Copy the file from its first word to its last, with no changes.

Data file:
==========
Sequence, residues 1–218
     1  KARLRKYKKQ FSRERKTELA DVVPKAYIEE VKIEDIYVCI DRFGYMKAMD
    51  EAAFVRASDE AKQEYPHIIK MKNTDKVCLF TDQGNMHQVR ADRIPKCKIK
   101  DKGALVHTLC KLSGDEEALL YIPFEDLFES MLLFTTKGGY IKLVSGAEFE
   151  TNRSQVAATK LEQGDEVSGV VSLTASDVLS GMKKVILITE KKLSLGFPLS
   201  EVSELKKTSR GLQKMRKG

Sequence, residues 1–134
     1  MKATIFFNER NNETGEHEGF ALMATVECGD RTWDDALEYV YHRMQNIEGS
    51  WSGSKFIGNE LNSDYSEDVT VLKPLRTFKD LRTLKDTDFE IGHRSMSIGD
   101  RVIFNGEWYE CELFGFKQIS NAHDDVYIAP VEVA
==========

Sequence, residues 1–218
     1  KARLRKYKKQ FSRERKTELA DVVPKAYIEE VKIEDIYVCI DRFGYMKAMD
    51  EAAFVRASDE AKQEYPHIIK MKNTDKVCLF TDQGNMHQVR ADRIPKCKIK
   101  DKGALVHTLC KLSGDEEALL YIPFEDLFES MLLFTTKGGY IKLVSGAEFE
   151  TNRSQVAATK LEQGDEVSGV VSLTASDVLS GMKKVILITE KKLSLGFPLS
   201  EVSELKKTSR GLQKMRKG

Sequence, residues 1–134
     1  MKATIFFNER NNETGEHEGF ALMATVECGD RTWDDALEYV YHRMQNIEGS
    51  WSGSKFIGNE LNSDYSEDVT VLKPLRTFKD LRTLKDTDFE IGHRSMSIGD
   101  RVIFNGEWYE CELFGFKQIS NAHDDVYIAP VEVA